Spurs: AVB's An Astute Coach But Needs To Wisen Up Politically Before It's Too Late
The events that followed Tottenham’s game with Manchester United yesterday were arguably even more gripping than the pulsating 2-2 draw itself and left a couple of interesting questions. If, as Andre Villas Boas says, the criticism he has been getting over the past week has been agenda-driven, what is the agenda and whose is it?
A Desmond against the in-form champions was a good result for Tottenham and an even better one for the manager. More than the scoreline it was the determined demeanor of the team that provided the respite he so sorely needed after a nightmarish week of speculation surrounding his job.
Football hacks’ toes are not easily curled but the post match press conference became uncomfortable when AVB seized the opportunity to round on his critics. In particular he named The Daily Mail’s Neil Ashton, who was present, and Martin Samuel, rightly accusing them of making personal attacks on him and twisting his words following the Manchester City mauling.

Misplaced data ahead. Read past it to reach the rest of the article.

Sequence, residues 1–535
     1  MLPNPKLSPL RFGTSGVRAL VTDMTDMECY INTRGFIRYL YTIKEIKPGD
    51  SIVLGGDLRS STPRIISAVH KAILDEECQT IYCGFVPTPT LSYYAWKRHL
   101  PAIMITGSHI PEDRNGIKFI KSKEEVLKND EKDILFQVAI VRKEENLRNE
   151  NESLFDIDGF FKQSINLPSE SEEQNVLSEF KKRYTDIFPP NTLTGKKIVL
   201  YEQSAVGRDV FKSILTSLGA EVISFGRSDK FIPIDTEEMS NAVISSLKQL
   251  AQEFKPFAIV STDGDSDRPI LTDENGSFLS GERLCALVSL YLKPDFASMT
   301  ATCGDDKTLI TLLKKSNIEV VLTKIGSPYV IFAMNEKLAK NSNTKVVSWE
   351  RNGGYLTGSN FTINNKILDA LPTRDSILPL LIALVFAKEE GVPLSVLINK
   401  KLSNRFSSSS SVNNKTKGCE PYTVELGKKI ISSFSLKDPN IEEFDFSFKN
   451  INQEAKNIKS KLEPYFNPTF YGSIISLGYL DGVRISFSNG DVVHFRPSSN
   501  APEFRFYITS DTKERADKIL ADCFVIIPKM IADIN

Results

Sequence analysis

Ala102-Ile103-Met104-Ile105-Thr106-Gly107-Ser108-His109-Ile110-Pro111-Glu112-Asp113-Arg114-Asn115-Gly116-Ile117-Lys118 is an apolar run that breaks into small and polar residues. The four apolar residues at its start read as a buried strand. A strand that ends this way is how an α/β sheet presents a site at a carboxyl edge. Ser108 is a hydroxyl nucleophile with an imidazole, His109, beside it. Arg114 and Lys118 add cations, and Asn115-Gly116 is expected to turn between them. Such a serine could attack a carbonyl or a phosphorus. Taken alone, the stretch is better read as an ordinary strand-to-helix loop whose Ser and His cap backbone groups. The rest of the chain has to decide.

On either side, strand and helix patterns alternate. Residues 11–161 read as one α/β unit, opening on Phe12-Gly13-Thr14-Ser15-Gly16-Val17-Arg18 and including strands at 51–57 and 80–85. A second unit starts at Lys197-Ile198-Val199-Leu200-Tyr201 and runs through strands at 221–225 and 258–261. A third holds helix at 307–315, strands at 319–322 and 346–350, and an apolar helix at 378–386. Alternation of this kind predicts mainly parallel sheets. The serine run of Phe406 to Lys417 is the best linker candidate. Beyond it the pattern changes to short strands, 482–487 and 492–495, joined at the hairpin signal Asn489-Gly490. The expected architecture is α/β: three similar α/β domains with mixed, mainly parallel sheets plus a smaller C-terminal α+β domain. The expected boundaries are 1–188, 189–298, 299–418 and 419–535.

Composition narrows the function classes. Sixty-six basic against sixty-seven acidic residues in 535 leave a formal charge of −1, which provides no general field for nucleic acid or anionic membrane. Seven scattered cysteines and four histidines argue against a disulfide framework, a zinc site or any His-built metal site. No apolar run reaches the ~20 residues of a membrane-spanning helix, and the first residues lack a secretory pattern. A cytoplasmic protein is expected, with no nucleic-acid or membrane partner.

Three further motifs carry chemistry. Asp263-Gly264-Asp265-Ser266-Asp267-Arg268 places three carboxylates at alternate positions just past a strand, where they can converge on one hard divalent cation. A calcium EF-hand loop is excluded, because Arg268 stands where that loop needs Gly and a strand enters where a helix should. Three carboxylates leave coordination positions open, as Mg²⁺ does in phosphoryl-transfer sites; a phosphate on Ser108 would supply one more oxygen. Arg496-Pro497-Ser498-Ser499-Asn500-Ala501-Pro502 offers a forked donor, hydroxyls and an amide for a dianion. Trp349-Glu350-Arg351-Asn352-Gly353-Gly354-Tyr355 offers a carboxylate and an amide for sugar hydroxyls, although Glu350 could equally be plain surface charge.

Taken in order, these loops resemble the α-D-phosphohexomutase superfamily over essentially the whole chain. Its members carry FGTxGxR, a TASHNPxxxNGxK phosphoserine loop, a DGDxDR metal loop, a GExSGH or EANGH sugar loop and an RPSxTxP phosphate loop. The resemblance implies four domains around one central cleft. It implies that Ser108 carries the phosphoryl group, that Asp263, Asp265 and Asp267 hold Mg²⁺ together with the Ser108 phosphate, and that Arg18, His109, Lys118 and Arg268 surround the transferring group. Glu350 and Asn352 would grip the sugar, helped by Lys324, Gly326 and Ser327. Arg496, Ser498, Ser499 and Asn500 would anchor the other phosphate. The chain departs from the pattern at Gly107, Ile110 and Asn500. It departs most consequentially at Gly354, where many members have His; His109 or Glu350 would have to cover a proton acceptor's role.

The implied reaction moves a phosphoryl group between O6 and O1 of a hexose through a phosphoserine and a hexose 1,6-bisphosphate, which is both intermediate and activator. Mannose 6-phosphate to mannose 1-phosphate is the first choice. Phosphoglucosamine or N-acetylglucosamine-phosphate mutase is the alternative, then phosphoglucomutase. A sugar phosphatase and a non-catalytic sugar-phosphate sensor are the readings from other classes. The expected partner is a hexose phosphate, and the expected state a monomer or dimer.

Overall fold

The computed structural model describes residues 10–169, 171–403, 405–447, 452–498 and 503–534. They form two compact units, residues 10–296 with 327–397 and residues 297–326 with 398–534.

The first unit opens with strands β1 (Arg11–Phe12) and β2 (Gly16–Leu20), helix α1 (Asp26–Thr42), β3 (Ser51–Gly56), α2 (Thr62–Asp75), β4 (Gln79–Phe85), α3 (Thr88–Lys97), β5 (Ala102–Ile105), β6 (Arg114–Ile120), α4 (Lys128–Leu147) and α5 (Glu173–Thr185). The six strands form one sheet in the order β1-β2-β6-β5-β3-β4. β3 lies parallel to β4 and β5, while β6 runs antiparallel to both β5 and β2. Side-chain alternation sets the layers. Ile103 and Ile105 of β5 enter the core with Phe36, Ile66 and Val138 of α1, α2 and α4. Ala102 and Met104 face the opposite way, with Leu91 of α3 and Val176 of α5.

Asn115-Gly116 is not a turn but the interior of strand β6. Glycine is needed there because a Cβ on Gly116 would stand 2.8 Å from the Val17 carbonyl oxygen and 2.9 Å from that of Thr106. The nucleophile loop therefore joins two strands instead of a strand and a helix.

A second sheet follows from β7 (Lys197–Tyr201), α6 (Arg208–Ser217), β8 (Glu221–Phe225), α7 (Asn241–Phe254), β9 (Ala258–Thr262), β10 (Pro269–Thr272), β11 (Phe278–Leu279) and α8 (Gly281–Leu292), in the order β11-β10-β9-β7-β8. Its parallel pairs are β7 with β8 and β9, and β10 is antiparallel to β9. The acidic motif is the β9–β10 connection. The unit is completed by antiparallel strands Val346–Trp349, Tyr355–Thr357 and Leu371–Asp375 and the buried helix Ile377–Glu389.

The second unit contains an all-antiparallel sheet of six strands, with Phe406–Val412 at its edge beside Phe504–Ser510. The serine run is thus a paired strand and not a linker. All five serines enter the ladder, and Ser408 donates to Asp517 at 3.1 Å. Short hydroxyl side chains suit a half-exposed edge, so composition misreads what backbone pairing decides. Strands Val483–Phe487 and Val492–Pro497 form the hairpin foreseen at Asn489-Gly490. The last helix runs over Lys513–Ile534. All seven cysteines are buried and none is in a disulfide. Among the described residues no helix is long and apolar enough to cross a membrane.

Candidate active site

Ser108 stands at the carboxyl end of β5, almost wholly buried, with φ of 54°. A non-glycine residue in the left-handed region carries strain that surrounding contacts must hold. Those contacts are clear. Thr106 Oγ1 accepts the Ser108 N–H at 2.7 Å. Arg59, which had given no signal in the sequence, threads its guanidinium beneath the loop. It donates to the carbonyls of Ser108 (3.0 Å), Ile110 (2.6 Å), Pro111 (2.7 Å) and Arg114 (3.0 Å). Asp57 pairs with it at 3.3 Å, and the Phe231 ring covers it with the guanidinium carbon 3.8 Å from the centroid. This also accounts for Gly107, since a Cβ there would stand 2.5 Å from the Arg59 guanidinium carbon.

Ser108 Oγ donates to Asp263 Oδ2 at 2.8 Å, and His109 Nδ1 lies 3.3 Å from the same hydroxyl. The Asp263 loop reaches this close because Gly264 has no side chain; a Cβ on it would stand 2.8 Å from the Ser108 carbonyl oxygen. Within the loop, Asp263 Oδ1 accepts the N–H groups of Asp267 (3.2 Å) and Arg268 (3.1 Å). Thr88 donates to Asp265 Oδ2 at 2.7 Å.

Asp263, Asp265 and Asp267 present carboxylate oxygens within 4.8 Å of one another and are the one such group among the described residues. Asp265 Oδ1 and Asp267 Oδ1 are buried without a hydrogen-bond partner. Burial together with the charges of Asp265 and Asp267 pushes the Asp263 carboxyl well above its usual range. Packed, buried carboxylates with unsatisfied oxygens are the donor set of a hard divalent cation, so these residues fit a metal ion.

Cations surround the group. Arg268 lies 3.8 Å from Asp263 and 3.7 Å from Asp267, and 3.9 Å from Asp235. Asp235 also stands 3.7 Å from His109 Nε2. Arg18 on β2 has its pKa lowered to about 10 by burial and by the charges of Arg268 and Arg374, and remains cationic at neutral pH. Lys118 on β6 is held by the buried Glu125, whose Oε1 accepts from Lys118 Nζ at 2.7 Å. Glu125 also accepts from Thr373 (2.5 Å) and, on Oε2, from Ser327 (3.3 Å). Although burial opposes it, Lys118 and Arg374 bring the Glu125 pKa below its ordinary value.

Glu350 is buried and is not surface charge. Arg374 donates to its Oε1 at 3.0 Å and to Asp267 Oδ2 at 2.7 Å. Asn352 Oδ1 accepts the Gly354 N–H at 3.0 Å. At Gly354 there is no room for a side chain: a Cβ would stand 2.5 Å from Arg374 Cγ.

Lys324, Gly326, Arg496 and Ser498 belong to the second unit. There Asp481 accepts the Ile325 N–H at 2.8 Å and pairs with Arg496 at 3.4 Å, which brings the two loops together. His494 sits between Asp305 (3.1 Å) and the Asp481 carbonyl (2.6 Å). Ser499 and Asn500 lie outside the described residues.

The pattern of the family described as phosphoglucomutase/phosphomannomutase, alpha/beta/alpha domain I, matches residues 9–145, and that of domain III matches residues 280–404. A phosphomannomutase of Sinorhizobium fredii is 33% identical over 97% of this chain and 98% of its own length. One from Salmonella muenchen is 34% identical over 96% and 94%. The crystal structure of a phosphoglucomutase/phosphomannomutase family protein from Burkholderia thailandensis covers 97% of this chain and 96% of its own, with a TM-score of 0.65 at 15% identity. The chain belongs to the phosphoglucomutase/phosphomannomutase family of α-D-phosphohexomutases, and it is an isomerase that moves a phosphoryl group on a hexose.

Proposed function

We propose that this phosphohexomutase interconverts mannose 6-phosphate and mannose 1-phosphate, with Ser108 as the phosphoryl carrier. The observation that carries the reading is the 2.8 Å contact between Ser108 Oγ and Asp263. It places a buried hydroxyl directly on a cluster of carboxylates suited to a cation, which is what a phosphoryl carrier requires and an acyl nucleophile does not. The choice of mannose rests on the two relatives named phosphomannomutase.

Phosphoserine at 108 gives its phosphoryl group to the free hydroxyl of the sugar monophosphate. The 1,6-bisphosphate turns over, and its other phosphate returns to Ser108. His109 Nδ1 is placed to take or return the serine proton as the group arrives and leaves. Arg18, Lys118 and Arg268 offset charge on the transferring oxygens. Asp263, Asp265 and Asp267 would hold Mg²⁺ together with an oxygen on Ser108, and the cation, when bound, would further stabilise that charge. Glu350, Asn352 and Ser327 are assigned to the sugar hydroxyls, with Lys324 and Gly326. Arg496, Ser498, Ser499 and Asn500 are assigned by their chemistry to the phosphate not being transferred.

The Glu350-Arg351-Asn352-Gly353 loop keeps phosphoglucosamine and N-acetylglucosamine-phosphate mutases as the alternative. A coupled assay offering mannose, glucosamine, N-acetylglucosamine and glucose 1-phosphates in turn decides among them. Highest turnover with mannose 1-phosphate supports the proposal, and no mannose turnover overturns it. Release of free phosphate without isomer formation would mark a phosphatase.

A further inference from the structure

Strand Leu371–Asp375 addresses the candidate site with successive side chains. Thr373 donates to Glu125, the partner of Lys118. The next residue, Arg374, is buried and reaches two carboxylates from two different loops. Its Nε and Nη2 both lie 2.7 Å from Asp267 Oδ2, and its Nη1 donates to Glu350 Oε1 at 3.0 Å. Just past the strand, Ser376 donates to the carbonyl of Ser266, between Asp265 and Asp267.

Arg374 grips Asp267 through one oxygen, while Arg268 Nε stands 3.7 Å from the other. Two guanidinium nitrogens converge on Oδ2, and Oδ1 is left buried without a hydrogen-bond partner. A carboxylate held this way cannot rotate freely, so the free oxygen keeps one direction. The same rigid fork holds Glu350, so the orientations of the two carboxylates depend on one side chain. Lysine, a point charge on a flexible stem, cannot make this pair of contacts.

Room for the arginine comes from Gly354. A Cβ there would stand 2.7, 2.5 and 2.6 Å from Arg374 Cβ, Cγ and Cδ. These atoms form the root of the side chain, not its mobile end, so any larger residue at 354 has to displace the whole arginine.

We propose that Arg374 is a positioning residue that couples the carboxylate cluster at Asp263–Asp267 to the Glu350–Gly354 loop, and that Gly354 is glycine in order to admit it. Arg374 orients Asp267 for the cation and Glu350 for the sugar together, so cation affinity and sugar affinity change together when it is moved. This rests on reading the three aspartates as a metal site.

Villas Boas also got a retaliatory dig in at former Spurs owner Lord Sugar who has been rubbishing him for some time via Twitter and last week went on talkSPORT to stick the boot in some more.
AVB said the invective was disrespectful to himself, the club the players and the fans adding ‘It's their team, their passion and they don't trade it for anything else, not like Alan Sugar who trades it for money.’
He was measured, cool and dignified throughout but by turning the situation into a public tit-for-tat rather than keeping his own counsel, AVB is taking a risk.
He didn’t mention the piece in last Tuesday’s Guardian by David Hytner - regarded as well informed about THFC - which said the patience of the board is wearing thin and they are looking at possible alternatives.
Tellingly, Lord Sugar’s pre-game Tweet yesterday was: ‘Sedate mood in Spurs boardroom. No predictions coming from anyone’.
So a man who openly and persistently slags off the manager is welcomed with open arms in the boardroom and then blithely publicises the pessimism therein. This rather suggests that the ‘agenda’ is AVB’s removal and belongs to people close to the centre of power.
Spurs insiders will tell you that Martin Jol and Harry Redknapp were unpopular with powerful figures at White Hart Lane long before their results turned bad. In both cases they were fired as soon there was the vaguest whiff of an excuse.
In the aftermath of the Man City trauma Villas Boas has proved again that he is not only an astute and motivational coach but also a resilient one. He needs to quickly learn how to be an equally clever politician.